Viral Epidemiology and Severity of Respiratory Infections in Infants in 2009 A Prospective Study
Viral respiratory infections are common in infants and can be severe. The new pandemic influenza virus H1N1v2009 was feared to cause particularly severe outcomes.
This study aimed at evaluating the impact of H1N1v2009 on the viral epidemiology, the clinical presentation and the severity of respiratory infections in infants.
This prospective epidemiologic study included all infants <2 years of age, both inpatients and outpatients, presenting with respiratory symptoms, from November 2009 through April 2010, at the pediatric emergency department of the University Hospital of Caen, France. A nasal swab was taken for viral detection and analyzed by immunofluorescence and, if negative, polymerase chain reaction. Severe respiratory infection was defined by a score of respiratory severity.
One thousand twenty-one infectious episodes with a respiratory sample met inclusion criteria. Eight hundred thirty-four samples (81.7%) were positive. The viruses with the highest incidence were the respiratory syncytial virus (34.2%), the rhinoviruses (23.9%), the coronaviruses (9.3%) and H1N1v2009 (7.7%). Of all infections, 28.6% were severe and more frequent in infants with risk factors. H1N1v2009 infections had a low risk of severe respiratory disease (odds ratios = 0.15) and hospitalization (odds ratios = 0.40) compared with the other viruses. Respiratory syncytial virus infections had a high risk of respiratory severity (odds ratios = 7.85) and were responsible for 71.4% of admissions to the intensive care unit.
Despite the modest impact of H1N1v2009 observed in this study, further surveillance is needed to detect virological factors that may increase its severity.
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ABSTRACT: To investigate the clinical characteristics and the risk factors for mechanical ventilator treatment and incidence of complications in children admitted to an intensive care unit (ICU) with detected respiratory viruses.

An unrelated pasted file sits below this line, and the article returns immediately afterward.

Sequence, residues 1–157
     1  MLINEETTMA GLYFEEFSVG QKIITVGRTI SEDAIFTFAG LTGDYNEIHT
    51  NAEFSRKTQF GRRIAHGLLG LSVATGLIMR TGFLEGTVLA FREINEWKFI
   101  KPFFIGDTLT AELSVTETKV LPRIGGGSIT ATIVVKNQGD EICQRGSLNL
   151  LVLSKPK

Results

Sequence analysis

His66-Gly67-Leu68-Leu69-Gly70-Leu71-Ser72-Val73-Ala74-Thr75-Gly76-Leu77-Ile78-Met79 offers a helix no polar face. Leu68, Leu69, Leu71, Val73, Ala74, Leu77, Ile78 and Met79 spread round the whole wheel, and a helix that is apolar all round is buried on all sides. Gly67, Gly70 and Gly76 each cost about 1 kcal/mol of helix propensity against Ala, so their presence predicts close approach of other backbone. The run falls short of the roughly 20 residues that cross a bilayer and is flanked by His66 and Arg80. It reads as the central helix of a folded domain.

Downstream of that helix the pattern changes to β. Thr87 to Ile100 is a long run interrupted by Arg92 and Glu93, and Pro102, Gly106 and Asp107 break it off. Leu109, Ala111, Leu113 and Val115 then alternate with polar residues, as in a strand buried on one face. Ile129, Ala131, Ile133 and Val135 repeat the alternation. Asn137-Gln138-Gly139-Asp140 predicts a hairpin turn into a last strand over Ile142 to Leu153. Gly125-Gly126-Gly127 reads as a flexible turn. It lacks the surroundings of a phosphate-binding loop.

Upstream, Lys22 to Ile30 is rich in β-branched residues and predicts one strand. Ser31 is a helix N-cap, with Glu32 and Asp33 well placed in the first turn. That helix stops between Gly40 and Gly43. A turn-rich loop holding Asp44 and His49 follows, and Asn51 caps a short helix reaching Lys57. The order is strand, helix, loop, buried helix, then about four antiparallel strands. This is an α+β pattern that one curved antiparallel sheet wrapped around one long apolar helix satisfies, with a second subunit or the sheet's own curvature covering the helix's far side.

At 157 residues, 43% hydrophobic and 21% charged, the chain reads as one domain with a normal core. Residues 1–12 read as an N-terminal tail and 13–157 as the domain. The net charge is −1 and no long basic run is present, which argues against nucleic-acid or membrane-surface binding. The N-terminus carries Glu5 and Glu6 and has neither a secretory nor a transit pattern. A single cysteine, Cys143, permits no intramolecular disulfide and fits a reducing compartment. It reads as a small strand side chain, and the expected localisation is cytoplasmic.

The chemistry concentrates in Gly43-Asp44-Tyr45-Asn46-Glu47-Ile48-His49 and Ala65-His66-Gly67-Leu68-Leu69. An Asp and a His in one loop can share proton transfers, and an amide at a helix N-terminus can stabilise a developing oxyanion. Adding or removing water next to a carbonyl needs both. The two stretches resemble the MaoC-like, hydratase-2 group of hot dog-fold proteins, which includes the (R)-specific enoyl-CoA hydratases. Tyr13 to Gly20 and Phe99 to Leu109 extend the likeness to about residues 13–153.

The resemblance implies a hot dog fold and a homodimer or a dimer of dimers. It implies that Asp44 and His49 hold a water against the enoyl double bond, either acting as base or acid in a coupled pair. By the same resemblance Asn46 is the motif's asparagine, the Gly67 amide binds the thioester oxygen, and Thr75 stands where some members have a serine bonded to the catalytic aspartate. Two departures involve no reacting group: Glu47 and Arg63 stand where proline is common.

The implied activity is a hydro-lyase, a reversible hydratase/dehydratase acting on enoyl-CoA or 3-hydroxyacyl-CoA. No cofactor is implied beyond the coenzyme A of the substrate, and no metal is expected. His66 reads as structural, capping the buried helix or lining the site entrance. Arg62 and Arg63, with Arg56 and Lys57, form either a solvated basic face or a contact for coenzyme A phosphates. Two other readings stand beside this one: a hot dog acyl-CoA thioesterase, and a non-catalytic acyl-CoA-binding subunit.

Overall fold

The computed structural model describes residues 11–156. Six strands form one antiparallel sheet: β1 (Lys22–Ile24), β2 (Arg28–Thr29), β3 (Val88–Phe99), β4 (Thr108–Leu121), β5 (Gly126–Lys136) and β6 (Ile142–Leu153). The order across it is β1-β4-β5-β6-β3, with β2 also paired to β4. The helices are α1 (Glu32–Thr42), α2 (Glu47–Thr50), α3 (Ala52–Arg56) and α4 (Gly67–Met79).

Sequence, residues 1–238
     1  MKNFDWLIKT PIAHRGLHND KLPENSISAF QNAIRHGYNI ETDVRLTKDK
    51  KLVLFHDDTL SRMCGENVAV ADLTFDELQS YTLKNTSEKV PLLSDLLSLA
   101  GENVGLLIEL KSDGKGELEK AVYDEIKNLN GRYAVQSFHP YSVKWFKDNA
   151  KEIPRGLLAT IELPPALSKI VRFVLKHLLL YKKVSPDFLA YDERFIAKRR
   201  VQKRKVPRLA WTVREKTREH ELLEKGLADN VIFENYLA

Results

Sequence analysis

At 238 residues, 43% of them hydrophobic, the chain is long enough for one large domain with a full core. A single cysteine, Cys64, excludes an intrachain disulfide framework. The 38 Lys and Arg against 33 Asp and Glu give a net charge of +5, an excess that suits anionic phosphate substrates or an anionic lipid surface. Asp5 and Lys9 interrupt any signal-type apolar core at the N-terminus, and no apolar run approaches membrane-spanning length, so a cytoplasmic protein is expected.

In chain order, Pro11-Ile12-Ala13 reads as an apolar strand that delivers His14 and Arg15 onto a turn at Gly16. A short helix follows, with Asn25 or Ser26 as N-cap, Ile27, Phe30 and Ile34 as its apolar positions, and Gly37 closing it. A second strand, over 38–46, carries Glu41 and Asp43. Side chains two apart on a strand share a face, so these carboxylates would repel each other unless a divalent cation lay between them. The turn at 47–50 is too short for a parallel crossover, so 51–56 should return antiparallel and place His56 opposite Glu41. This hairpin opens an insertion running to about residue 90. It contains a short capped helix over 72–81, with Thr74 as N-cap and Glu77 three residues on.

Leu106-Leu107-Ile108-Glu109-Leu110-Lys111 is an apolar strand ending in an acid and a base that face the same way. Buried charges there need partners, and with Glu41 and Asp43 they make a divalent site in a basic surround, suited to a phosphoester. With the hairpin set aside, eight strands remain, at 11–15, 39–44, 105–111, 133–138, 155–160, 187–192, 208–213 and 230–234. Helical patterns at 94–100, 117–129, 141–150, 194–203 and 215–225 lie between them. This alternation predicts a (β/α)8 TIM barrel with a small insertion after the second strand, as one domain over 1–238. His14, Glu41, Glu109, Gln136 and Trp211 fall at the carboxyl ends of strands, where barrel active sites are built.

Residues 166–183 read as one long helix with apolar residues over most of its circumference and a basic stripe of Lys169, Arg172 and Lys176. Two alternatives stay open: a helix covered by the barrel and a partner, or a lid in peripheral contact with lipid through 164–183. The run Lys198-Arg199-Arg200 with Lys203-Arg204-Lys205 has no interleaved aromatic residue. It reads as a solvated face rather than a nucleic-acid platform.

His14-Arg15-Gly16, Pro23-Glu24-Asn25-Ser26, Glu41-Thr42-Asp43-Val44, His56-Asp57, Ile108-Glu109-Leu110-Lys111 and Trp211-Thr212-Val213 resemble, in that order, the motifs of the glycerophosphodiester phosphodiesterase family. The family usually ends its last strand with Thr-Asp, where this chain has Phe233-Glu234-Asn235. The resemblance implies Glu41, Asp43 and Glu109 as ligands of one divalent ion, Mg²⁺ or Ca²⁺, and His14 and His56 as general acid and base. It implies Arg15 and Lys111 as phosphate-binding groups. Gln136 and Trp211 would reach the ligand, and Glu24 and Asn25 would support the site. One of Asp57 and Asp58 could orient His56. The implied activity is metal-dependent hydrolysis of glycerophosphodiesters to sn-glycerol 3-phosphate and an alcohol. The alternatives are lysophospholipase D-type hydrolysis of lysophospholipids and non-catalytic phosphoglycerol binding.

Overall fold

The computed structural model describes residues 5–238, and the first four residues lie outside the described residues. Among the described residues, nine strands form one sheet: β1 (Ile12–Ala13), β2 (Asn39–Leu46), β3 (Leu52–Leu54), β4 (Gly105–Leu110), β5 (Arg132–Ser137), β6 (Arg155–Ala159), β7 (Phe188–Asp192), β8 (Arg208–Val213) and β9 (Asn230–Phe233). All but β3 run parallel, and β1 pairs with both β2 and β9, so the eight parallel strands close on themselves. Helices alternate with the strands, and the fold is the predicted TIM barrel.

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To systematically review the effectiveness of administering Lactobacillus rhamnosus GG (LGG) for preventing respiratory infections in children.
Systematic Review and Meta-analysis.
Electronic databases and trial registries.
Four RCTs involving 1805 participants met the inclusion criteria. Compared with placebo, LGG administration was associated with a reduced incidence of acute otitis media (four RCTs, n=1805, RR 0.76, 95% CI 0.64–0.91, fixed effects model, NNT 17, 95% CI 11–46), a reduced risk of upper respiratory infections (one RCT, n=281, RR 0.62, 95% CI 0.50–0.78, NNT 4, 95% CI 3–8) and antibiotic treatments (four RCTs, n=1805, RR 0.80, 95% CI 0.71–0.91, fixed effects model). There was no significant difference between the LGG and the control groups in the risk of overall respiratory infections and the incidence of lower respiratory infections. However, subgroup analysis of two studies on children older than 1 year showed significant reduction in the risk of overall respiratory infections (two RCTs, n=794, RR 0.73, 95% CI 0.57–0.92, random effects model, NNT 8, 95% CI 5–14). Adverse effects were similar in both groups. No serious adverse events were reported.
The administration of Lactobacillus rhamnosus GG compared with placebo has the potential to reduce the incidence of acute otitis media, the upper respiratory infections and antibiotic use in children.
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